End of South Africa’s easing cycle approaching - Capital Economics
Africa Economics

End of South Africa’s easing cycle approaching

Africa Economics Update
Written by Virag Forizs

South African policymakers continued to cut interest rates today, taking the repo rate down by 50bp to 3.75%, but the end of the easing cycle appears to be on the horizon. At this stage, we expect one more cut, of 25bp, to 3.50%. With the eventual recovery likely to be extremely weak, monetary conditions will remain loose for longer than most seem to think.

  • South African policymakers continued to cut interest rates today, taking the repo rate down by 50bp to 3.75%, but the end of the easing cycle appears to be on the horizon. At this stage, we expect one more cut, of 25bp, to 3.50%. With the eventual recovery likely to be extremely weak, monetary conditions will remain loose for longer than most seem to think.
  • Policymakers at the South African Reserve Bank (SARB) lowered their repo rate from 4.25% to 3.75% today, in line with our forecast and the consensus collected by Bloomberg. Today’s rate cut follows 200bp of cumulative easing in recent months. The South African rand was up against the US dollar on the news, suggesting that some investors were expecting more aggressive easing.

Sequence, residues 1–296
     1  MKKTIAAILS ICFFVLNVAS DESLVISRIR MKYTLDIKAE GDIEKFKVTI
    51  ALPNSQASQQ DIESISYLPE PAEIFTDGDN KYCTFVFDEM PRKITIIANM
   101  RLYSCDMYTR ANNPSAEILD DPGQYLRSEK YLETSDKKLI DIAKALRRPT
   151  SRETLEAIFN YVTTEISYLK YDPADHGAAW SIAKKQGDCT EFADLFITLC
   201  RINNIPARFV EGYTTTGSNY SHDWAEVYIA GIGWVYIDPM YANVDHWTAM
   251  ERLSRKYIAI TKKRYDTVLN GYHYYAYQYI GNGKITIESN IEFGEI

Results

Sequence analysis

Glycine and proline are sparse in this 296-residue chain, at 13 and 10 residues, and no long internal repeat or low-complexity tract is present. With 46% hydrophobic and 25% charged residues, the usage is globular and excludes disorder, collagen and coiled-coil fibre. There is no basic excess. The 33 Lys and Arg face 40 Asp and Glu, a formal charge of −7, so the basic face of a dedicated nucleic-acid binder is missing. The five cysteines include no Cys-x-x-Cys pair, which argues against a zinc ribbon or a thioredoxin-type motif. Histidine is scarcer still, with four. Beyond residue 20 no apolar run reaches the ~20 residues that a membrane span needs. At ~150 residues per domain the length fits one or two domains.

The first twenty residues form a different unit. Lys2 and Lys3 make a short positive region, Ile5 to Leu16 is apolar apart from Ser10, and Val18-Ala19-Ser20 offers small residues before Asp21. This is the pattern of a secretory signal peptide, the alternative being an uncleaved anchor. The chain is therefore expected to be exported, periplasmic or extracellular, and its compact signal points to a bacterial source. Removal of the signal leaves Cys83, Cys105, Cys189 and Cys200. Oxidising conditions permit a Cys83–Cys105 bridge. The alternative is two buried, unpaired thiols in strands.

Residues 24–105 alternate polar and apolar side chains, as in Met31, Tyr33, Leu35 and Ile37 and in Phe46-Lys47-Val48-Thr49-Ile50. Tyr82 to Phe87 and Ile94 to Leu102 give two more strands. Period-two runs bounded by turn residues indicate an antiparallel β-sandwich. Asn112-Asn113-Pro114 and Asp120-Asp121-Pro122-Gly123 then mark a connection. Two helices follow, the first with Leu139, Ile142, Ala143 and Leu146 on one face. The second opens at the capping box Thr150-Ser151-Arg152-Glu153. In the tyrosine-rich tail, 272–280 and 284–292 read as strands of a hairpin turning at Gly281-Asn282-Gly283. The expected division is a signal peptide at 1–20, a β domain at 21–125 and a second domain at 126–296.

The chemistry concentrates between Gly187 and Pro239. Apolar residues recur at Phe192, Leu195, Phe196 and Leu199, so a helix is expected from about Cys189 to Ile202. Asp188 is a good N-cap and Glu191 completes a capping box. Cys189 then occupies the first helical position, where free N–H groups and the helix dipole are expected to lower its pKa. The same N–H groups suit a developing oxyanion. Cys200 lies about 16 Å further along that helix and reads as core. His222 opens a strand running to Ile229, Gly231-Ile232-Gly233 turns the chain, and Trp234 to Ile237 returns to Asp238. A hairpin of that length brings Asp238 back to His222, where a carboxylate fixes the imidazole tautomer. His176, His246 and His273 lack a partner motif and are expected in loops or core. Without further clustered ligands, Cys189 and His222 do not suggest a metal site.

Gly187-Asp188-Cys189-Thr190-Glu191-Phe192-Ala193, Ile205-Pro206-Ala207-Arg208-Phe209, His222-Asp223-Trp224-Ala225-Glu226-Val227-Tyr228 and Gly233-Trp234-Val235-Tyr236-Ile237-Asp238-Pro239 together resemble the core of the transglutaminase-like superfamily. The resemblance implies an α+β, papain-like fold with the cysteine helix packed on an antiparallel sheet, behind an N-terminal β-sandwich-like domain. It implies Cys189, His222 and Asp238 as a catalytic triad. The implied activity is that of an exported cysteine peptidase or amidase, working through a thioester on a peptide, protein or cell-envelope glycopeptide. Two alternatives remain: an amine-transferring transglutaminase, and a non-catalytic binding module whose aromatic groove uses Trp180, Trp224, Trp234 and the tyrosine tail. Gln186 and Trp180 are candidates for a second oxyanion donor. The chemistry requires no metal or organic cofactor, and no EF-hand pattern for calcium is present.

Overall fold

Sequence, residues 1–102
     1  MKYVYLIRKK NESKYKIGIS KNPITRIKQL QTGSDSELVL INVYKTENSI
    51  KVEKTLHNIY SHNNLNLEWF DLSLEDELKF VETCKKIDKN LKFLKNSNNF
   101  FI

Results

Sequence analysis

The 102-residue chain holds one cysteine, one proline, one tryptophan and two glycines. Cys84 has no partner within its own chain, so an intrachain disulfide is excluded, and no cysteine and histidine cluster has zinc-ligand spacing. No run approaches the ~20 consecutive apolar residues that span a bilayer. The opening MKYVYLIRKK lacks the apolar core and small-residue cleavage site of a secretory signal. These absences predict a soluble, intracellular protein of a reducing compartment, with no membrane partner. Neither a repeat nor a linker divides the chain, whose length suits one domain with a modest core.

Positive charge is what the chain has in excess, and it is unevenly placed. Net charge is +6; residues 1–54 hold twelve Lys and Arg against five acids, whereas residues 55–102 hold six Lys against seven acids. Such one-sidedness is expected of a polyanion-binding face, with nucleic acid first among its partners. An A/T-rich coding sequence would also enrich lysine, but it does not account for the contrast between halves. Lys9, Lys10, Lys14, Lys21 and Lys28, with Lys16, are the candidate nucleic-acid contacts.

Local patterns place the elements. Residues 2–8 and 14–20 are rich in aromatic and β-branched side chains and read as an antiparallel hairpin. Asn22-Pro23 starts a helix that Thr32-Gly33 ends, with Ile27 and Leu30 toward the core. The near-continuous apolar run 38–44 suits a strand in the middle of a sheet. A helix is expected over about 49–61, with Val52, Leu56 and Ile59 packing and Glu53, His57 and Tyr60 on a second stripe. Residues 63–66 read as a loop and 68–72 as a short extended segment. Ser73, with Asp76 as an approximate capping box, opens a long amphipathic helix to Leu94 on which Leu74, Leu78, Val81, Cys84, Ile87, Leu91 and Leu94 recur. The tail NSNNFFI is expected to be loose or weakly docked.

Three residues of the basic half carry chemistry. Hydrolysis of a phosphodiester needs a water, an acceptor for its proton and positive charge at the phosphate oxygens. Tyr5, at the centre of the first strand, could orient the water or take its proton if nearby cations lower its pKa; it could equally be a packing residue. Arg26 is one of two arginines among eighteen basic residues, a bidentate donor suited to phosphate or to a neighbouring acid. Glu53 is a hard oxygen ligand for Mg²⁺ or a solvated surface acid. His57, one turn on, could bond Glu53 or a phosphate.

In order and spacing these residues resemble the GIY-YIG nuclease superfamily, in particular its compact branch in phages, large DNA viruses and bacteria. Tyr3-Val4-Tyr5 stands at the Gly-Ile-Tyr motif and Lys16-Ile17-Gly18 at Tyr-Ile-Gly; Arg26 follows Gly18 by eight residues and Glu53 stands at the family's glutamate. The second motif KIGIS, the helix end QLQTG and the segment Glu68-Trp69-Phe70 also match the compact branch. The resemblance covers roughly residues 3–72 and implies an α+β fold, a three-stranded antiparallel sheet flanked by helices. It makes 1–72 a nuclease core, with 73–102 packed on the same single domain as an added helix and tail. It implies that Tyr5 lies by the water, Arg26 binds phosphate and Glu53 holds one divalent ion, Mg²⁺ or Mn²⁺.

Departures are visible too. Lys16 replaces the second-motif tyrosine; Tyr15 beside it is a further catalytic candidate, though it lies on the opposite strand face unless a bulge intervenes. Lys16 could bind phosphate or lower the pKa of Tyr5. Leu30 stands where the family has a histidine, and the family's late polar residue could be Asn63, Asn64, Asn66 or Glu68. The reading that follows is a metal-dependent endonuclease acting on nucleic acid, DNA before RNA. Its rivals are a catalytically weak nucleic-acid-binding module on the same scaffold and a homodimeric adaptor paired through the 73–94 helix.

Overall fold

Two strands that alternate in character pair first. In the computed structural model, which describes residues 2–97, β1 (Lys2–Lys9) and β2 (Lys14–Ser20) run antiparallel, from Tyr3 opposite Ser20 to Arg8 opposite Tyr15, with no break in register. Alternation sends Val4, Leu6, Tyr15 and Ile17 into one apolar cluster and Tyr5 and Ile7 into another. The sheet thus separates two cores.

• Similar to recent statements, the tone of today’s speech was particularly downbeat. Governor Lesetja Kganyago raised the prospect of the coronavirus returning in waves and holding back the economic recovery. The governor’s gloomy outlook for a slow rebound from a deep recession this year tallies with our view. The SARB expects GDP to fall by 7.0% this year, not far off from our forecast of a 6.5% contraction.
  • Subdued price pressures will keep the door open to further monetary easing. Headline inflation dropped below the 4.5% midpoint of the target range in March, to 4.1% y/y. We think that the slump in global oil prices will keep petrol inflation low, and weak demand will depress core inflation. (See Chart 1.) And Mr. Kganyago mostly emphasized downside risks to the inflation outlook.
  • Weak economic activity and muted inflation support the case for additional rate cuts, but we think that the easing cycle is unlikely to go much further. While today’s decision to cut rates was unanimous, policymakers were divided on its magnitude. Three (out of five) voted for a 50bp cut, while two supported a 25bp cut.
  • Today’s decision supports our view that the repo rate will end the year at 3.50%, after just one 25bp cut in July. (See Chart 2.) Policymakers will probably take a step back and leave rates unchanged throughout 2021 as the economic recovery remains slow. In contrast, markets have priced in rate hikes from the middle of next year. In other words, we think that monetary policy will remain looser for longer than most think.
  • What’s more, if the economic devastation caused by the coronavirus proves to be even worse than expected, we think that the SARB would jump into action again and extend its easing cycle.

Chart 1: Consumer Prices (% y/y)

Chart 2: Repo Rate (%)

Sources: Stats SA, SARB, Refinitiv, Capital Economics

Sources: SARB, Refinitiv, Capital Economics


Virág Fórizs, Africa Economist, virag.forizs@capitaleconomics.com